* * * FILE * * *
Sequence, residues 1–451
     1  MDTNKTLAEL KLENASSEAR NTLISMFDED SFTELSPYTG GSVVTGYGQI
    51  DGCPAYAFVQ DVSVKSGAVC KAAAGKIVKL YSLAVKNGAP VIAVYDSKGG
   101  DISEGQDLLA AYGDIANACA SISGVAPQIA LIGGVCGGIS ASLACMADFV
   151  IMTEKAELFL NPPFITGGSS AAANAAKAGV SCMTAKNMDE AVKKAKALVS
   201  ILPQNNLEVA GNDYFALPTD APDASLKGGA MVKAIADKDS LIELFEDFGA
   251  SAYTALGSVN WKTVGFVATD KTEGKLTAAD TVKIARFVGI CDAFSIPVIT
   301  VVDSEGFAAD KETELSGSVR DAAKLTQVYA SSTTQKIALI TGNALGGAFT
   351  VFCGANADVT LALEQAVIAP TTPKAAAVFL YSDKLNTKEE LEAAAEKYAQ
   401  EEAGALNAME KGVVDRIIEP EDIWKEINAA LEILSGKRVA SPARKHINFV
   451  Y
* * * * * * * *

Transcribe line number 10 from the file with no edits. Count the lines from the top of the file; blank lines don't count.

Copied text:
   401  EEAGALNAME KGVVDRIIEP EDIWKEINAA LEILSGKRVA SPARKHINFV